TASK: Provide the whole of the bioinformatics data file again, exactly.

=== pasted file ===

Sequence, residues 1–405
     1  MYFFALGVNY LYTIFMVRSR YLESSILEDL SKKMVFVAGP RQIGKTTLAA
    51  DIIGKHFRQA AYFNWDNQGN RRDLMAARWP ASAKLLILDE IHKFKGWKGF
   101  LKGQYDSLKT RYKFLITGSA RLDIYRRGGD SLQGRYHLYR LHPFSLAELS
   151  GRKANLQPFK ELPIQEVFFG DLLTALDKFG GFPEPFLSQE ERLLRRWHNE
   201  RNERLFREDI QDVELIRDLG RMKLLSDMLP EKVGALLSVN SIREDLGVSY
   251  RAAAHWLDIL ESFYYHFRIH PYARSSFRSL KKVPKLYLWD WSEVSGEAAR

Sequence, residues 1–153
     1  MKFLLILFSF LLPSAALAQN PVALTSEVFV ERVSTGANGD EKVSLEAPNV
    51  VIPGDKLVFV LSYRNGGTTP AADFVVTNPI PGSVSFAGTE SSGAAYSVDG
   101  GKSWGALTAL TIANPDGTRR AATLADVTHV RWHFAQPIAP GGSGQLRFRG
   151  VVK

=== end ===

Sequence, residues 1–405
     1  MYFFALGVNY LYTIFMVRSR YLESSILEDL SKKMVFVAGP RQIGKTTLAA
    51  DIIGKHFRQA AYFNWDNQGN RRDLMAARWP ASAKLLILDE IHKFKGWKGF
   101  LKGQYDSLKT RYKFLITGSA RLDIYRRGGD SLQGRYHLYR LHPFSLAELS
   151  GRKANLQPFK ELPIQEVFFG DLLTALDKFG GFPEPFLSQE ERLLRRWHNE
   201  RNERLFREDI QDVELIRDLG RMKLLSDMLP EKVGALLSVN SIREDLGVSY
   251  RAAAHWLDIL ESFYYHFRIH PYARSSFRSL KKVPKLYLWD WSEVSGEAAR

Sequence, residues 1–153
     1  MKFLLILFSF LLPSAALAQN PVALTSEVFV ERVSTGANGD EKVSLEAPNV
    51  VIPGDKLVFV LSYRNGGTTP AADFVVTNPI PGSVSFAGTE SSGAAYSVDG
   101  GKSWGALTAL TIANPDGTRR AATLADVTHV RWHFAQPIAP GGSGQLRFRG
   151  VVK